BirdTrack is not a survey as such. It is a website run by the BTO in conjunction with the RSPB, BWI and SOC. You can report any bird that you see through BirdTrack even if you are not a member of the BTO, RSPB, BWI or SOC.

The idea behind BirdTrack is that, if you have been out birdwatching anywhere in Britain and Ireland, or simply watching birds in your garden, records of the birds you have seen (or indeed have not seen) can be useful data. Thus the scheme is year-round, and ongoing, and anyone with an interest in birds can contribute.

Important results produced by BirdTrack include mapping migration (arrivals and departures) timing and monitoring scarce birds. The bird organisations know very little about the timing of arrival and departure of winter visitors and this is just one area in which BirdTrack provides useful information. There are also many scarce birds where bird organisations would like to know much more about their populations.

Great Grey Shrike, by Edmund Fellowes / BTO

The success of BirdTrack relies on your birdwatching lists. As a contributor you make a note of the birds you see, either out birdwatching or from the office or garden for example, and enter your daily observations on a simple-to-use web page. Bird organisations need to gather a large number of lists at all times of the year from throughout Britain and Ireland. The BTO prefers that complete lists of birds (all species seen and heard) be provided because the proportion of lists with a given species provides a good measure of frequency of occurrence that can be used for population monitoring. Incomplete lists and casual records can also be entered because they too build their understanding of populations, distributions and movements.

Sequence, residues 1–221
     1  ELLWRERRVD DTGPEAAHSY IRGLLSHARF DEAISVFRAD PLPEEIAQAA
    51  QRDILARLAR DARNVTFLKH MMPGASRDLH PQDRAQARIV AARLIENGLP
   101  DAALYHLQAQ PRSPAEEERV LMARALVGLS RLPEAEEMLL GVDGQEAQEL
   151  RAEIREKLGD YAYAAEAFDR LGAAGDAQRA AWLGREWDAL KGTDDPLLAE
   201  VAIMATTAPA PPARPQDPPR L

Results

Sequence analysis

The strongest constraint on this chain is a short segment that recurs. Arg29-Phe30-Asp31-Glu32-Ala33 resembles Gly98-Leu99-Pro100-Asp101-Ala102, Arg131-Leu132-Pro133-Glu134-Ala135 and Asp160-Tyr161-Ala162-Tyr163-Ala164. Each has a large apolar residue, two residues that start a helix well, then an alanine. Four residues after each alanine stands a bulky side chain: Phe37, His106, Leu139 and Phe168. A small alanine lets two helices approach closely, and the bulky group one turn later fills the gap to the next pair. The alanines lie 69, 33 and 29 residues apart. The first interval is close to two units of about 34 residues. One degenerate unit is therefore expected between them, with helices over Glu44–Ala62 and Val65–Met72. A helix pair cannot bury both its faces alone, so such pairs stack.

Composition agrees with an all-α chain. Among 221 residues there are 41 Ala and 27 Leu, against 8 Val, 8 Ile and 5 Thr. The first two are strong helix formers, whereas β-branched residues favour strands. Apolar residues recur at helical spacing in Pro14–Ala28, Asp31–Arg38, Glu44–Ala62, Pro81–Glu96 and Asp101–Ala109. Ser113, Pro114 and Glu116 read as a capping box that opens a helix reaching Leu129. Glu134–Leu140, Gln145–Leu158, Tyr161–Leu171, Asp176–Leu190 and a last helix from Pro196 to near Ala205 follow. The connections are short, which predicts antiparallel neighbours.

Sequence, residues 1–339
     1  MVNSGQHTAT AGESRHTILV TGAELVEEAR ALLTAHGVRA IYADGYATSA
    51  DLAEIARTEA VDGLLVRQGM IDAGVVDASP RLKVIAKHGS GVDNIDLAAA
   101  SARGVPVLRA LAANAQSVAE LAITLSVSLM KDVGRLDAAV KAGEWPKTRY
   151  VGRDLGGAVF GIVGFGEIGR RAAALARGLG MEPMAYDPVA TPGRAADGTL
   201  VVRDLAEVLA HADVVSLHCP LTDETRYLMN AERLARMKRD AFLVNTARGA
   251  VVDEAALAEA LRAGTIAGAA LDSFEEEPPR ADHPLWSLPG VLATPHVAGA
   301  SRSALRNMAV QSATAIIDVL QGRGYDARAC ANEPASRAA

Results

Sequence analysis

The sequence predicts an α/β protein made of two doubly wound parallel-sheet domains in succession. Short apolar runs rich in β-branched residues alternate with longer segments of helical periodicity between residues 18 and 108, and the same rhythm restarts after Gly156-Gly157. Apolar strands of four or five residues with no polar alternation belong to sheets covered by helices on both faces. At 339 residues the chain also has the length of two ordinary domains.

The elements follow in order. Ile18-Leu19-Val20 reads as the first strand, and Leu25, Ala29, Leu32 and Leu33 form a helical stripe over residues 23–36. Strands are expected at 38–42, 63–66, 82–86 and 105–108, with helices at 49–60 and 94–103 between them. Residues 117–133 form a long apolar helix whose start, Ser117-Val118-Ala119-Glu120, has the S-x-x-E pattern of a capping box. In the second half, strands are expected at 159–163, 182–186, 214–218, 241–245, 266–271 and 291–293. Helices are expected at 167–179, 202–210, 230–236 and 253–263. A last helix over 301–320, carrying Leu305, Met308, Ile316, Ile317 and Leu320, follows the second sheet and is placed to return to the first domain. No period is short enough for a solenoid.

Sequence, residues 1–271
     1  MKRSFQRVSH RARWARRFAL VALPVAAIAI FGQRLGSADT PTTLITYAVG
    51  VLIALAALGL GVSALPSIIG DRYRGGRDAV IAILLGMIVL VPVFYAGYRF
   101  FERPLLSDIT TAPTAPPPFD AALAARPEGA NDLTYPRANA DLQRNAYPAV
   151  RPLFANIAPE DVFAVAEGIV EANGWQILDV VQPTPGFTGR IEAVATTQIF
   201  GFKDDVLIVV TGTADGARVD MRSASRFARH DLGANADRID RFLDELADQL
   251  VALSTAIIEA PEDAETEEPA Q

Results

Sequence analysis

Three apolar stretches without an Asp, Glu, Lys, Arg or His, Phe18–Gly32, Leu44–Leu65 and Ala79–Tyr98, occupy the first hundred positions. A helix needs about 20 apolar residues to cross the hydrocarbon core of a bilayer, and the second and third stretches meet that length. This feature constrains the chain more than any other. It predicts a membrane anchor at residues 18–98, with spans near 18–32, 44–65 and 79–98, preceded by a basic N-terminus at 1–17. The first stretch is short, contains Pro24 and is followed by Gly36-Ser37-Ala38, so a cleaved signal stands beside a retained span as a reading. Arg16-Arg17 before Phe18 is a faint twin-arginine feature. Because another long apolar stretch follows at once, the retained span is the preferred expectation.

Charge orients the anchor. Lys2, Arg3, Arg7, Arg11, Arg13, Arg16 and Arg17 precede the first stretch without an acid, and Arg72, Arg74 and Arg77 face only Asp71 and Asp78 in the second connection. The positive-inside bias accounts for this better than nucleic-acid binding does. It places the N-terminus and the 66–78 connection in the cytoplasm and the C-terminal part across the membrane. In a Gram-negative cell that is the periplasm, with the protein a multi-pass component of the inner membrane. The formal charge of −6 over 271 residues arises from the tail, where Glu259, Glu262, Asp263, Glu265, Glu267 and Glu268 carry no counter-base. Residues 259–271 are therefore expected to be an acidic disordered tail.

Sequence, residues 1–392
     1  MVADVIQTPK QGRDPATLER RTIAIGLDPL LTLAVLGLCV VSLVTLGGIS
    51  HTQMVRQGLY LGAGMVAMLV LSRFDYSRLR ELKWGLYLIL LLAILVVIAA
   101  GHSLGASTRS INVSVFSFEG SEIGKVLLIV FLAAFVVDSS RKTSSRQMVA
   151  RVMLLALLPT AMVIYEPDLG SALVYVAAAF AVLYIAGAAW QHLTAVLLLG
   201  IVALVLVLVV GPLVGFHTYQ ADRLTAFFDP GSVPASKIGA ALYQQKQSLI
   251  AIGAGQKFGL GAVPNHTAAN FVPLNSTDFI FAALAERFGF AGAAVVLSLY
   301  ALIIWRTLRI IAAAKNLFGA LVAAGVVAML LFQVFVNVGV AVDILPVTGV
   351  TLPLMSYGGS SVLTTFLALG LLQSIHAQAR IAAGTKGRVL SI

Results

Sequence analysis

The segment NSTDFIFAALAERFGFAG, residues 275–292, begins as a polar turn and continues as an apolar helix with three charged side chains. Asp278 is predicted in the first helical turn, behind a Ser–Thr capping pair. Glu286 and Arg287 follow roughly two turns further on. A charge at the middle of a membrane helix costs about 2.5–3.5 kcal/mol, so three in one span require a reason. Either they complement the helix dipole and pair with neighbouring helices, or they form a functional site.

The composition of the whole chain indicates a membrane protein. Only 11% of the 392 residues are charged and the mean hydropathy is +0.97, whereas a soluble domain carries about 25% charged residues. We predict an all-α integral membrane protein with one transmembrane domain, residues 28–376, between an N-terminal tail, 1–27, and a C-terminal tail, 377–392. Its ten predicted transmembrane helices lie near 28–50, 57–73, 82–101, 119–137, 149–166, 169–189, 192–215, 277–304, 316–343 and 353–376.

The information that can be pulled out of the BirdTrack database is amazing. For example by one click, a 2020 year list is produced for you. Alternatively search a species and see every report you have made of that species. This can be viewed as a written record or on a map. It really is an incredible resource.

With your permission the records are made available to bird clubs, so the Surrey County Recorder is able to go into BirdTrack and download all of the results for the County. In order to make life easier for the County Recorder please do not just put in a site name and nothing else to identify it. Please ensure that a 6 figure grid reference is also included.

Click on the link below for information on how to register and enter your results.

Click here for BirdTrack.

If you have not used this resource yet please do so, you will be amazed at the information you can get from it. BTO have created a series of YouTube videos that cover the basics of navigating the home page, with further videos that show you how to enter & analyse your records.

Getting started with BirdTrack (4 videos)